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Polar Research


Arctic Science Mission Wraps Up as Research Ship Docks in Germany

The New York Times
new york times

After a year spent drifting across the top of the world, frozen in sea ice, a German research ship returned home on Monday, ending the largest Arctic science expedition in history, one aimed at better understanding a region that is rapidly changing as the world warms.

Epic Arctic Mission Ends

An epic mission ended as the German icebreaker Polarstern returned home Oct. 12, 2020, after being frozen near the top of the world for nearly a year to study all aspects of the Arctic system.

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WHOI-NOAA Partnership Tackles Critical Gap In Climate Knowledge

Markets Insider- Business Insider

Researchers at WHOI were awarded a $500,000 grant from the NOAA Climate Observations and Monitoring program to develop machine learning tools to improve estimates of air-sea heat exchange in the Arctic Ocean and adjacent seas.

Antarctic ice loss expected to affect future climate change

Phys.org

In a new climate modeling study that looked at the impacts of accelerated ice melt from the Antarctic Ice Sheet (AIS) on future climate, a team of climate scientists reports that future ice-sheet melt is expected to have significant effects on global climate.

Penguin math – Science & Tech – WORLD

World Magazine

Penguins may not know anything about math, but their formations align with sophisticated physics and geometry concepts. The research validates an earlier study in which a team of researchers with the Woods Hole Oceanographic Institution used robotic, high-resolution cameras at a remote Antarctic research station to monitor the penguins’ behavior and measure the movements of individuals within the colony.

Penguins Are Nature’s Best Snugglers

The Atlantic
the Atlantic

It turns out that penguins execute their huddles with a high degree of mathematical efficiency, as Blanchette and his team discovered. More recently, Daniel Zitterbart, a physicist at Woods Hole Oceanographic Institution in Massachusetts, helped develop and install high-resolution cameras to observe undisturbed huddling behavior.

Will melting glaciers cool the climate?

greenland ice

As glaciers melt at unprecedented rates, WHOI’s Simon Pendleton is looking back to historical records to predict whether this new cool runoff will slow ocean circulation and cool the northern hemisphere––findings which could mean adjustments to some climate predictions.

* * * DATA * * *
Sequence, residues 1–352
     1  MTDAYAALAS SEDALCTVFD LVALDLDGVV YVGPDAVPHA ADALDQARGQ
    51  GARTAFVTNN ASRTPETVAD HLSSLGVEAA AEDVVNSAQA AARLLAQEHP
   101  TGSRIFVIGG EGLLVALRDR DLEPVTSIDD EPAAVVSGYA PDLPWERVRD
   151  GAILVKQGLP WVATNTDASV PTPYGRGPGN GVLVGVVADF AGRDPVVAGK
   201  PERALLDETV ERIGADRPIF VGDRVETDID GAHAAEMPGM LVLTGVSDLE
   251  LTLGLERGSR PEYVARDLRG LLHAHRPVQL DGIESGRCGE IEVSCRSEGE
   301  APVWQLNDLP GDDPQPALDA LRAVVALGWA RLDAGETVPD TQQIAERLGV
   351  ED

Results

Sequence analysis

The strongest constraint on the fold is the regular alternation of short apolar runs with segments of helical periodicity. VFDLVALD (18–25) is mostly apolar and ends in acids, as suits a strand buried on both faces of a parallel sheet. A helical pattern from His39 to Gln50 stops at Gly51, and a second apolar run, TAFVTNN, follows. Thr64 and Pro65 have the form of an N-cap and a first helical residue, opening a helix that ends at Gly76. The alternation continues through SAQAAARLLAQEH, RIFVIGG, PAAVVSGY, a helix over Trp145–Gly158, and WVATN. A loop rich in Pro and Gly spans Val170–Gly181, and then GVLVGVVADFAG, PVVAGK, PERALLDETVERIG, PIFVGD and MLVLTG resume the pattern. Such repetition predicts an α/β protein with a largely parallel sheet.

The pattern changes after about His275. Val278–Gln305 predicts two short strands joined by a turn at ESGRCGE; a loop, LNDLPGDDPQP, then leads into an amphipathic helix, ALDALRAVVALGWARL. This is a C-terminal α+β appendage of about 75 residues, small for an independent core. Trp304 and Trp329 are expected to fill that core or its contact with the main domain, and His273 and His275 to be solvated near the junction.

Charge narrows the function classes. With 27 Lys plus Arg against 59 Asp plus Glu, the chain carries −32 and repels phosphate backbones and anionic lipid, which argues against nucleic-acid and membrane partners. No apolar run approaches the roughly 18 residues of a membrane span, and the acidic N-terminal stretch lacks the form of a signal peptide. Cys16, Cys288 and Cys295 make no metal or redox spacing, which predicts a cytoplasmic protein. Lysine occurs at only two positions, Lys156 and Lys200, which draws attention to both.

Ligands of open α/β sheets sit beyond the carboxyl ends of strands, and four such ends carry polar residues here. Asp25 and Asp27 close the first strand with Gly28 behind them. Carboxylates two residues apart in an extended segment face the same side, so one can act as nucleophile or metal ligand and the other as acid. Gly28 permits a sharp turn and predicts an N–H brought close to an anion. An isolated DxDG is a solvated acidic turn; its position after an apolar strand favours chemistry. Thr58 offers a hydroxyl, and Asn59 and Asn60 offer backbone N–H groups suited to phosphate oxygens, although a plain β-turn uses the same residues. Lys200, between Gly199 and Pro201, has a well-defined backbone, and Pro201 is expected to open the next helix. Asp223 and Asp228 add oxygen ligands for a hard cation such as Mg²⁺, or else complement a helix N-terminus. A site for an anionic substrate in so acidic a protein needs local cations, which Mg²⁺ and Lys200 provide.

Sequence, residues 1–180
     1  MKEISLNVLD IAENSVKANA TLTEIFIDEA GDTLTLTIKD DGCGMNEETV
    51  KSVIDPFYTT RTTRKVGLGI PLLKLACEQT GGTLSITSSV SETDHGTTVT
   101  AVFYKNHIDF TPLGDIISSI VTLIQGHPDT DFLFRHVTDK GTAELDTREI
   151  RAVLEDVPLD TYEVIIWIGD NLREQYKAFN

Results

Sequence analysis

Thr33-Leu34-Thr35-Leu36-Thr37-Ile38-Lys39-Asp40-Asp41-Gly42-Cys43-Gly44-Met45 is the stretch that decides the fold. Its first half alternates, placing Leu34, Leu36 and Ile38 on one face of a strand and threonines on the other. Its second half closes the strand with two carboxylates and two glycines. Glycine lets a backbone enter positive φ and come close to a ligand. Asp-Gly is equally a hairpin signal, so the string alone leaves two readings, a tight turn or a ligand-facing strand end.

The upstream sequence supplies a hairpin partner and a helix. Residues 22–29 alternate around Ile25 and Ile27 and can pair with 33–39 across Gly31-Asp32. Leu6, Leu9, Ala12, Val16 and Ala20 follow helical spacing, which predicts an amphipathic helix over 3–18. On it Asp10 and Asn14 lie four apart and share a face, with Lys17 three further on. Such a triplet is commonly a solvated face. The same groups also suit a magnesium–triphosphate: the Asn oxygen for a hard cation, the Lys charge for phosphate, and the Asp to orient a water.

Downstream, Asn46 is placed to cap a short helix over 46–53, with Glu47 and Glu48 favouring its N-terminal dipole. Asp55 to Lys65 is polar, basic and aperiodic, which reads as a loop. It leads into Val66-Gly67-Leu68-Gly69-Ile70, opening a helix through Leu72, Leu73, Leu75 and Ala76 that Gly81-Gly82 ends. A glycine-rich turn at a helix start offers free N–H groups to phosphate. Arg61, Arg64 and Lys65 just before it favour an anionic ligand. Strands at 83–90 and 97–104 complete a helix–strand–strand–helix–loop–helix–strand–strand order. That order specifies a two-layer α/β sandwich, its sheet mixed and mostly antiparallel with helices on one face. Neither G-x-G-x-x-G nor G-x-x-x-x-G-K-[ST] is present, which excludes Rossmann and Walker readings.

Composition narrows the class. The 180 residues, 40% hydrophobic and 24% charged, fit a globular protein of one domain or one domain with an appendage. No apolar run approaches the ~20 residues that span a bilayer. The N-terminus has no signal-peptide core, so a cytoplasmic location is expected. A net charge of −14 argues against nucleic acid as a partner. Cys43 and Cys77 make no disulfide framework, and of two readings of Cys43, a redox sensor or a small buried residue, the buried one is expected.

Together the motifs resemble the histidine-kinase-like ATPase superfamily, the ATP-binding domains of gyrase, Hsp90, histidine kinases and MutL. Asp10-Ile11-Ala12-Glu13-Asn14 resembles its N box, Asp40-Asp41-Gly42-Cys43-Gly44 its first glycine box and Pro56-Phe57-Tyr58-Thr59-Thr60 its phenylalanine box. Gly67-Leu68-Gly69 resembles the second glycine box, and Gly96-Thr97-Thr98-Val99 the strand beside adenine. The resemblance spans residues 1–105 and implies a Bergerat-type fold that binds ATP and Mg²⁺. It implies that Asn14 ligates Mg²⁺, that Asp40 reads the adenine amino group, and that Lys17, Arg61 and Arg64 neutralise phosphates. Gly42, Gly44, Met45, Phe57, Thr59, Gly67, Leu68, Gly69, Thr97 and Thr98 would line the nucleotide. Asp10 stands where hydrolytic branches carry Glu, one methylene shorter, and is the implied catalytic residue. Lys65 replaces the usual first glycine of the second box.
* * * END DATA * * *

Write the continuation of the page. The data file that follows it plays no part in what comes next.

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A rapidly changing Arctic

Healy, Polarstern

A new study by researchers at Woods Hole Oceanographic Institution (WHOI) and their international colleagues found that freshwater runoff from rivers and continental shelf sediments are bringing significant quantities of carbon and trace elements into parts of the Arctic Ocean via the Transpolar Drift—a major surface current that moves water from Siberia across the North Pole to the North Atlantic Ocean.

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Polar bear sighting aboard USCGC Healy

A polar bear sighting off the U.S. Coast Guard Cutter Healy during the 2015 Arctic GEOTRACES expedition. The Arctic has experienced the highest degree of warming on the planet, causing sea ice to thin and recede. The region’s iconic polar bears rely on sea ice to hunt, travel and mate.

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A sea of ancient ice

ancient ice

WHOI scientist dusts off historical accounts to tackle the long-standing mystery of just how thick Arctic sea ice was in the early 19th century.

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Oases in Sea Ice Are Essential to Life in Antarctica

This video explains the key physical, biological and ecological processes in oases on the Antarctic icy coast — polynyas. Researchers at Woods Hole Oceanographic Institution and the University of Delaware are trying to unveil crucial connections among the physical and biological components in the polynyas and to understand how the Antarctic ecosystem responds to changes in the large-scale environment.

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